The Secret to Losing Weight

by DavalosMcCormack on March 16, 2009

Have you ever looked at those health magazines in the checkout line at the grocery store? Of course you have, what else are you going to do while waiting for the woman in front to figure out which coupons go with which item and then do a lengthy search through her purse for her rewards card that gives her another discount only she can’t find it because she has dozens of other discount cards there and they’re all mixed up.

Anyway, have you noticed how the front pages of those magazines – the health ones, the ones we’re talking about, pay attention here – always have such alluring headlines; “Six Ways to a Sexier You”; “Five Tips To Get Six-pack Abs”; “Seven Slimming Secrets of Stars”. They always have a number in there and a way of making it seem that with just a little effort you too can be slim and glamorous.

Well, now a new study in a magazine you never see in the checkout line, The New England Journal of Medicine, has an equally simple recipe for weight loss. Only this one actually works.

The study, which was funded by the National Institutes of Health (NIH), looked at whether fad diets, ones that restricted the kinds of food you ate, are better at promoting weight loss than those that focus more on how much you eat.

Now, we’ve all seen those cabbage soup diets, or all-meat diets, or even the chicken soup diet (you eat a normal breakfast then as much chicken soup, but only chicken soup, throughout the rest of the day). They basically work by limiting how much you eat by cutting out lots of categories of food.

Those diets all work. For a while. The problem is that it’s hard sticking with such a restrictive way of eating. For a start, it gets really boring really fast.

Anyway, the researchers in this study got more than 800 adults to follow one of four diets which were all low in calories but had varying degrees of fat and protein. The participants also had to exercise for 90 minutes a week.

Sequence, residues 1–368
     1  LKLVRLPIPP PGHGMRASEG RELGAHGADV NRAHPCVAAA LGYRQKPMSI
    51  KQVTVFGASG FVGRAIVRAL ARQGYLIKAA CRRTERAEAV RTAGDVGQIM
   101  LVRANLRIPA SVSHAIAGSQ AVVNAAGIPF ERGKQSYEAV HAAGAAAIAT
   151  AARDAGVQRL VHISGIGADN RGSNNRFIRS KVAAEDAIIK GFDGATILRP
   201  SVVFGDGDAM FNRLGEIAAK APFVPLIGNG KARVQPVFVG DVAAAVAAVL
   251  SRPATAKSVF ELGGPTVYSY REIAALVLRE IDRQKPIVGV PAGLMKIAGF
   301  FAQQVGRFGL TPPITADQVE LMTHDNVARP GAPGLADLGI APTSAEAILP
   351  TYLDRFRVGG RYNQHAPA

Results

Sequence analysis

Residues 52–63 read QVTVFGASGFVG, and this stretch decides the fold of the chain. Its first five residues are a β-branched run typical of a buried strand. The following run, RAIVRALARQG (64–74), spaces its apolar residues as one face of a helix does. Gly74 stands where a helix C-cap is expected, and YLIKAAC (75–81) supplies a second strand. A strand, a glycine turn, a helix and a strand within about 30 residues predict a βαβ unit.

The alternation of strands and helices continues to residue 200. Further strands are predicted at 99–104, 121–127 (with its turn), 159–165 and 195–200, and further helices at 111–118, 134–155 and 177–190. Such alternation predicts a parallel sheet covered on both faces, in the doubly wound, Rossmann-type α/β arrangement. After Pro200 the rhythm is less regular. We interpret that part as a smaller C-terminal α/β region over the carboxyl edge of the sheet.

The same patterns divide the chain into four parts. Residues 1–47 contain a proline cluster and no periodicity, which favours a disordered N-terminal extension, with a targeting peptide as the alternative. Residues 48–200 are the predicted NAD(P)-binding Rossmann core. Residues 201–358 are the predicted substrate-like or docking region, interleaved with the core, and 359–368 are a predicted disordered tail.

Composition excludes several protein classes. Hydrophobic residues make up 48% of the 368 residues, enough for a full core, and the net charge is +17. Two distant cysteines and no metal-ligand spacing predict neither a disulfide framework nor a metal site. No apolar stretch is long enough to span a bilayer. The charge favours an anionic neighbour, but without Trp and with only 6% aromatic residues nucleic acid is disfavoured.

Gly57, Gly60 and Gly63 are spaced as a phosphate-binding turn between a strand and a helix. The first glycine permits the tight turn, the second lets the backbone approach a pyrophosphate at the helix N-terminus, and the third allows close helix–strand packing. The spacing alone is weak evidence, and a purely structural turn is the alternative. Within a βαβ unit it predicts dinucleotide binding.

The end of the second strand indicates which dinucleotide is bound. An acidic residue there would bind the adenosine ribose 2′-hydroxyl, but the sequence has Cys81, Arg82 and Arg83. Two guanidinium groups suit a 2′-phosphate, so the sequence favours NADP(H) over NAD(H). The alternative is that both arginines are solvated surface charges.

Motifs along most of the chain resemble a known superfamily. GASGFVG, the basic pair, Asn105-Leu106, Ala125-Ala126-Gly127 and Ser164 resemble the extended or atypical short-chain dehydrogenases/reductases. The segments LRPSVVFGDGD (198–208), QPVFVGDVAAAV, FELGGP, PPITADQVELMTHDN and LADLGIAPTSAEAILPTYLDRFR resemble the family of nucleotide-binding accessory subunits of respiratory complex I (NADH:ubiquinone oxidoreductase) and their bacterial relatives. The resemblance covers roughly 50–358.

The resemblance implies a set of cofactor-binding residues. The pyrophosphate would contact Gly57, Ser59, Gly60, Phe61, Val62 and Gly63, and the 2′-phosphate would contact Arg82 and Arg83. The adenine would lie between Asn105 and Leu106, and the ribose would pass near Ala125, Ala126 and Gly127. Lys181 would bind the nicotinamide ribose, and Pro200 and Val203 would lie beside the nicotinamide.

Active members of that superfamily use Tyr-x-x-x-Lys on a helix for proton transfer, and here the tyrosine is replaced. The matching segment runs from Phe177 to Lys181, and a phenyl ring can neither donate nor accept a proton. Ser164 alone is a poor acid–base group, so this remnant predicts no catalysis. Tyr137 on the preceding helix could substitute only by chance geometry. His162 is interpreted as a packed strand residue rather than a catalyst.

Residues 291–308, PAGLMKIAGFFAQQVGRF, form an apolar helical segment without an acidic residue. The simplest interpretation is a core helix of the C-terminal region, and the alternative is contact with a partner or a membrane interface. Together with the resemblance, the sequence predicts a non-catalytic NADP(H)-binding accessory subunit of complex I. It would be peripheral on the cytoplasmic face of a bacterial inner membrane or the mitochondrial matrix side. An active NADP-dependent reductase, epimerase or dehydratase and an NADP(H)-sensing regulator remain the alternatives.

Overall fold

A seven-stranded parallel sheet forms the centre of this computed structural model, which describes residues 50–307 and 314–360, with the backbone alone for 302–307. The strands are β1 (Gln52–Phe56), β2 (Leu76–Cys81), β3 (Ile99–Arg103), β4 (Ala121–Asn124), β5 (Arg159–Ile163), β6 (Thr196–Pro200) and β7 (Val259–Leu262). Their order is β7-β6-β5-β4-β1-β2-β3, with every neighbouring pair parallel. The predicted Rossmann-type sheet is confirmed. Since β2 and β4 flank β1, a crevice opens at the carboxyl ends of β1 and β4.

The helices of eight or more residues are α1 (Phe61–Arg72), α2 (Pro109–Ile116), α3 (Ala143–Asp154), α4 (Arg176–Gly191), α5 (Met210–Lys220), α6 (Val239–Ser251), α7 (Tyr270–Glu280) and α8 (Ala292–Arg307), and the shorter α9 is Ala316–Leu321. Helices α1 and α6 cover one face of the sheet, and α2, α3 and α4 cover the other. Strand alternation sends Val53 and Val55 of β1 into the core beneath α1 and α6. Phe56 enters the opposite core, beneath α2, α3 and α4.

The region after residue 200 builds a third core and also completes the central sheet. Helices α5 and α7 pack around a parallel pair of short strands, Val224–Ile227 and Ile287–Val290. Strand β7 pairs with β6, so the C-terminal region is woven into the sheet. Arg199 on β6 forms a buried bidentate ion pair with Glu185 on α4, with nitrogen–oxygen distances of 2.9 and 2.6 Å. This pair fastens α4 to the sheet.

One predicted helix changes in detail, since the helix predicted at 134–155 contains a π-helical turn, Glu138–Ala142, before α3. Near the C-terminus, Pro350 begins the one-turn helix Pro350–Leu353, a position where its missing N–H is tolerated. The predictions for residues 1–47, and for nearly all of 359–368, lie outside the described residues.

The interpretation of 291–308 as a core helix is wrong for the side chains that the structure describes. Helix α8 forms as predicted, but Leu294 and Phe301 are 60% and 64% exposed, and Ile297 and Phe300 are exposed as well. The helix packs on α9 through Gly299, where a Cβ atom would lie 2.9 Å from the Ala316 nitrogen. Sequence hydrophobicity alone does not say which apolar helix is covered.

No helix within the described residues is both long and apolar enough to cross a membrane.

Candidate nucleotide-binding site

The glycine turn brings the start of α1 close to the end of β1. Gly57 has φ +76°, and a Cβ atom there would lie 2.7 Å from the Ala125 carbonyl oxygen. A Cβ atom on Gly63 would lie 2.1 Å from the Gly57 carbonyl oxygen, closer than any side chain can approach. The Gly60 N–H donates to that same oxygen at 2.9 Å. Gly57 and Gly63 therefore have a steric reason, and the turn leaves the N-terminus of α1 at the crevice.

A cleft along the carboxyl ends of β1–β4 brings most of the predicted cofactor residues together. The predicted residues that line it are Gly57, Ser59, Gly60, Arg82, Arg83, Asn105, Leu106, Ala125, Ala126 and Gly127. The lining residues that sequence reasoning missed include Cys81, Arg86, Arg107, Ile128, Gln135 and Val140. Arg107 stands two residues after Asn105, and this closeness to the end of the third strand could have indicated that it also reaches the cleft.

They tested the folks at regular intervals and found, at the end of two years, that they lost an average of 8.8 pounds, regardless of which diet they followed.

What was equally interesting was that the number of people who were still sticking with the diet after two years had plummeted, presumably because it was hard sticking with the same way of eating for that length of time.

The researchers say the good news is that this seems to show that losing weight may actually be simpler than we think, that it has less to do with what kinds of food you are eating and more to do with how many calories you take in.

If you consume more calories than you need and are not doing enough exercise to burn off the surplus, then you’ll put on weight. If you reduce the number of calories you consume, and maybe even increase your activity level, you’ll lose weight.

It’s simple. But didn’t we already know that? Did we really need yet another publicly funded study to tell us that it we eat too much and don’t exercise we’ll get fat? Apparently we did because that is precisely what we got.

But maybe the fact that obesity is on the rise shows that most people still haven’t made that connection, so we have to try and remind them of it. Again. Maybe this time it will work.

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